Yale Summer Symposium: Religion and Environmental Stewardship


Environmental Education For Clergy, Lay Leaders, and Seminary Faculty
Bringing Together Science, Theology, and Ethics


June 5-7, 2012 at Yale Divinity School, 409 Prospect Street, New Haven CT




Thomas Berry described the early years of the twenty-first century as a moment of grace. Moments of grace, Thomas explained, are times of transformation and renewal that emerge out of deeply felt sensitivities to, and experiences of, community. These moments are simultaneously cosmological, historical and religious in nature. As I reflect on the Yale Summer Symposium on Religion and Environmental Stewardship that took place earlier this month at the Yale Divinity School, I cannot help but think of the conference as such a transformative moment.


We gathered as a community of scholars, church leaders, musicians, scientists, liturgists, and students for three days of scholarship, deep spiritual reflection, and shared story. What emerged from our three days together was a remarkable confluence between the academic field of religion and ecology and the moral force of our religious communities to address an issue that we all care deeply about: the worsening ecological crisis and our role, as members of the human, Earth, and Universe communities to do something about it.


While it is never easy when reflecting so soon after an occasion such as this to put one’s finger on exactly what it was that made that particular moment shine, I feel confident in observing at least five intersections where the energy and passion of the conference participants was unmistakable:


First, the liturgical elements were both innovative and uniquely compelling. Yale Professor of Christian Communication Tom Troeger and singer/songwriter Maggi Dawn, along with both students and alumni, brought together religion and ecology not just in an academic way, but through instrumental music, worship, prayer, jazz, and hymns. Weaving together Christian worship, cosmology, and love of the Earth, they invoked music and preaching that was simultaneously reveling and revelatory. Simply put, it was an instance of unparalleled grace and synchronicity.


Second, we were treated to several inspiring displays of cooperative thinking and surprisingly productive riffing between scientists and theologians that went above and beyond the norm. In particular, Yale Divinity School professor Willis Jenkins and Yale School of Forestry and Environmental Studies professor Os Schmidt demonstrated just how smooth and compelling a dialogue between a scientist and a theological ethicist can (and should) be. By approaching the same environmental question not just from two disparate fields, but intentionally with each other, through one another, and in a mutually supportive way, they demonstrated what I consider to be a new benchmark in collaborative thought. Having seen dozens of similar attempts, I regarded it as a breakthrough in terms of both intellectual cohesion and discursive fluidity between representatives from the realms of religion and science.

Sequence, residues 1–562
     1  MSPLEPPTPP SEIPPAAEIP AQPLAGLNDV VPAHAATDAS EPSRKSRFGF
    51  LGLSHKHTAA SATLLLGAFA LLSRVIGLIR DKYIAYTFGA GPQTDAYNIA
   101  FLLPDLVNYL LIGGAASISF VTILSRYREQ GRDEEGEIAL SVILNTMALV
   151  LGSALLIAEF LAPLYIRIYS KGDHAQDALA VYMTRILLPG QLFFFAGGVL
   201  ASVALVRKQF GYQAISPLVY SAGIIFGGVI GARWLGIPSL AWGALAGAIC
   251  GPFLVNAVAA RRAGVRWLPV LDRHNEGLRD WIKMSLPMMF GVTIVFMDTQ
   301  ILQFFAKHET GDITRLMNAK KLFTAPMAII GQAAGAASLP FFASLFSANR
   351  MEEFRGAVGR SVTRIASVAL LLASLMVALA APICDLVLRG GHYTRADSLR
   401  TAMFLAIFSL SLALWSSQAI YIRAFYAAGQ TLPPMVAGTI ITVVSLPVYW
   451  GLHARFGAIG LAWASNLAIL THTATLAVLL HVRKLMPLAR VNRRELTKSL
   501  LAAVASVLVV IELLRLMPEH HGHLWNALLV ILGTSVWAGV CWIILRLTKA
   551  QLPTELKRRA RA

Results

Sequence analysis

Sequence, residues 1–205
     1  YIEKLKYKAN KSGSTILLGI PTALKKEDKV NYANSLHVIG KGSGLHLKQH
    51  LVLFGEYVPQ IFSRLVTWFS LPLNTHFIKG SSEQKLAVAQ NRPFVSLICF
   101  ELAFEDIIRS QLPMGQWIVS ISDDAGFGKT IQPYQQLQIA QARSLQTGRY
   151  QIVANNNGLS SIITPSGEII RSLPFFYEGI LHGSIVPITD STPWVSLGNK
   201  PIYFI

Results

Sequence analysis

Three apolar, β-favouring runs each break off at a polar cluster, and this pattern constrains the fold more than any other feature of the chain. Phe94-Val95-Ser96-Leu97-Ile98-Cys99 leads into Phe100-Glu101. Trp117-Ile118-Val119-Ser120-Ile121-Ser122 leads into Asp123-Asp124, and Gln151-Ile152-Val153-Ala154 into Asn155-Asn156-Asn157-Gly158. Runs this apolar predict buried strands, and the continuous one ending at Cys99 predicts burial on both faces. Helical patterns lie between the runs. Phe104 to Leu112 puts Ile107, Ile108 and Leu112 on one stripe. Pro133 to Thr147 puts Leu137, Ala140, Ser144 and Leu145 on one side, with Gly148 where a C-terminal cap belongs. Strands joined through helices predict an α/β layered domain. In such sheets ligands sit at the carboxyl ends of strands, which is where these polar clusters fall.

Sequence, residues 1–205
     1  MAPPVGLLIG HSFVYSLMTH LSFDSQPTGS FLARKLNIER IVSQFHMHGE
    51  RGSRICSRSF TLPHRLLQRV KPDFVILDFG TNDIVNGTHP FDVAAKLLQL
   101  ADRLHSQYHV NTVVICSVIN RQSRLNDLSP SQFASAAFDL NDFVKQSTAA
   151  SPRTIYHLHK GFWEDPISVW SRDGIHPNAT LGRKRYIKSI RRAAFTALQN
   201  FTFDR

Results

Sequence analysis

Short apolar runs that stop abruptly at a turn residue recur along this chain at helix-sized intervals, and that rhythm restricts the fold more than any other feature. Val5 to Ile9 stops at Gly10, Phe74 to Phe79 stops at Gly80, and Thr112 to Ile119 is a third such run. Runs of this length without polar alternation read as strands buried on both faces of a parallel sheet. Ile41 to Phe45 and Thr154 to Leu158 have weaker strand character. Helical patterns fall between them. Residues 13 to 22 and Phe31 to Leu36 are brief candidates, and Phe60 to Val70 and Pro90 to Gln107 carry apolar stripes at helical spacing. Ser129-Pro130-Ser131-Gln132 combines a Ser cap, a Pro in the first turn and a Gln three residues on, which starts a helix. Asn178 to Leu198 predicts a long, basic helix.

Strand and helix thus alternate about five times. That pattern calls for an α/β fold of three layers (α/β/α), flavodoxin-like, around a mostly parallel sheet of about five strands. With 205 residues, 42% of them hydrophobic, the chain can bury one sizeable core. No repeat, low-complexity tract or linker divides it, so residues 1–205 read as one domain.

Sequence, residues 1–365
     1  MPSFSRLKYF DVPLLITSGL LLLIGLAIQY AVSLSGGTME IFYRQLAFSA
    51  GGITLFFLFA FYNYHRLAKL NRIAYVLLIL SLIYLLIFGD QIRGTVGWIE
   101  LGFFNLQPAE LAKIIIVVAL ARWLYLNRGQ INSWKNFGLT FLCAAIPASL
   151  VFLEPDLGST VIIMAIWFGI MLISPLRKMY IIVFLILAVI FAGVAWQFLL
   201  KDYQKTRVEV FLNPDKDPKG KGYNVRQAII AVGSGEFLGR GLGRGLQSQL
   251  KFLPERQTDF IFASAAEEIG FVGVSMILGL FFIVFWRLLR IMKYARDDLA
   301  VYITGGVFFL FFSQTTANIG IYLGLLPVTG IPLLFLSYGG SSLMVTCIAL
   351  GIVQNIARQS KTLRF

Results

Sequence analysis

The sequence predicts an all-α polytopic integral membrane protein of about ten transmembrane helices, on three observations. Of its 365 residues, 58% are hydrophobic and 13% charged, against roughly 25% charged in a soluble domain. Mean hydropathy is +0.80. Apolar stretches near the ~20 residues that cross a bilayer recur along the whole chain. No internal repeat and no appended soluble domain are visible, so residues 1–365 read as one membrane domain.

Third, there seemed to be a terrific amount of energy amongst the clergy and church leaders in attendance in regards to the Journey of the Universe project. Jim Antal, the Massachusetts conference president of the United Church of Christ (UCC) seemed almost supercharged with his enthusiasm for what the film could do in the UCC church. Mary Evelyn Tucker and John Grim, the organizers of the conference, drew upon Thomas Berry’s recent book The Christian Future and the Fate of the Earth to translate the message contained in the Journey of the Universe into uniquely Christian terms. Conversing with my fellow attendees afterwards, I had the impression that not only was Tucker and Grim’s translation of the cosmological ideas of differentiation, subjectivity, communion into Trinitarian terms a singular expression of creativity and vision, but it was also experienced as a moment of hope and inspiration.